Could do with better sizing instructions.
I ordered this in brown but it arrived in black.
Are There Any Alternatives?
Sure! If you want to step up your game, you can spend a little more to get better belts in terms of durability.
Without a doubt, Inzer produces the best, most durable belts (I wrote a full review of the Inzer Forever Lever Belt). The most important difference between these belts is the certification. The Inzer Forever is IPF-approved, which makes it usable at ever level of powerlifting competition.
Even if you don’t compete in powerlifting, this is just an extremely well-made belt. I’ve had my Inzer Forever Lever Belt for 12 years and it’s still in near perfect condition. I wouldn’t trade this belt for anything else.
Some of the differences between the Inzer Forever Belt and the RDX belt are:
● A higher price point
● More colors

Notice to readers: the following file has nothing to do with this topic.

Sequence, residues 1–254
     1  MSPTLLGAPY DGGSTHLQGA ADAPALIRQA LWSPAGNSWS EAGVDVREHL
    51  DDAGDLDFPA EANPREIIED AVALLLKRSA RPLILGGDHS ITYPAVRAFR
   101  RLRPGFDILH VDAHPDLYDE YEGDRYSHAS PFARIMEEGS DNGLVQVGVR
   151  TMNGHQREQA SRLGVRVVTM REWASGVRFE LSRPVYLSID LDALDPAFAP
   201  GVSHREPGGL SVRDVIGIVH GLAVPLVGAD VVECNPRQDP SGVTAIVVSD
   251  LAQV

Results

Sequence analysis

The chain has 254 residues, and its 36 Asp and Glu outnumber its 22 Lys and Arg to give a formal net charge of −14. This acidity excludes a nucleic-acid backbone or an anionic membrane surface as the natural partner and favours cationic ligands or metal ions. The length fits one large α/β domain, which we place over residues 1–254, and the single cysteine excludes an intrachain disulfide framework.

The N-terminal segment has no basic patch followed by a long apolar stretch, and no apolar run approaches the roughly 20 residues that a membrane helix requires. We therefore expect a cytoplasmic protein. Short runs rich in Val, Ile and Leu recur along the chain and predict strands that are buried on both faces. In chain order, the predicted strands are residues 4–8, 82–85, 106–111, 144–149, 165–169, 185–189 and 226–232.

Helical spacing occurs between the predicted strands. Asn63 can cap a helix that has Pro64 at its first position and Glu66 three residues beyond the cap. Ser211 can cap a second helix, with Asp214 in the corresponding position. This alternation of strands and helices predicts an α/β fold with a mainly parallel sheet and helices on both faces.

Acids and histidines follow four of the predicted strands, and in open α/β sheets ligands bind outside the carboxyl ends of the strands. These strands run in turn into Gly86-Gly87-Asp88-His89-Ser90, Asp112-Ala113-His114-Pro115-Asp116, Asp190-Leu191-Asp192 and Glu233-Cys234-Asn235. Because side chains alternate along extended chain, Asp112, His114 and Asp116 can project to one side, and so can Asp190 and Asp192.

● They produce 10mm and 13mm-thick belts
● The edges are more rounded
Besides being IPF-approved, this belt has a solid design without any logos. Since it’s made from more durable materials, it costs more than the RDX Lifting Belt.
The rest of the differences are:
● Rounded edges
● Lifetime lever warranty (a huge plus!)
● They produce both 10mm and 13mm versions
As the name implies, this belt sits in the affordable category just like the RDX, but it’s actually just a bit more expensive. Like the previous belts, it’s IPF-approved. Take a look at my Lifting Large Economy Belt Review.
The other differences are:
● They have 10mm and 13mm belts
● It has a solid construction and design
You can check this belt on the LiftingLarge official website.
To Sum Up
Wearing a powerlifting belt isn’t essential, but it’ll definitely enhance your lifts. If you’re still exploring the lifting world, the RDX lifting belt would be the right choice.
Despite its notably affordable price, it delivers adequate performance so long as you’re not an elite powerlifter.
If you want to invest in more durable items, consider the Inzer Forever (click for today’s price on Amazon), which is my #1 belt recommendation
If you’re interested, click here to check the current price of the RDX lifting belt.
Related: Top 10 Best Women Powerlifting Belts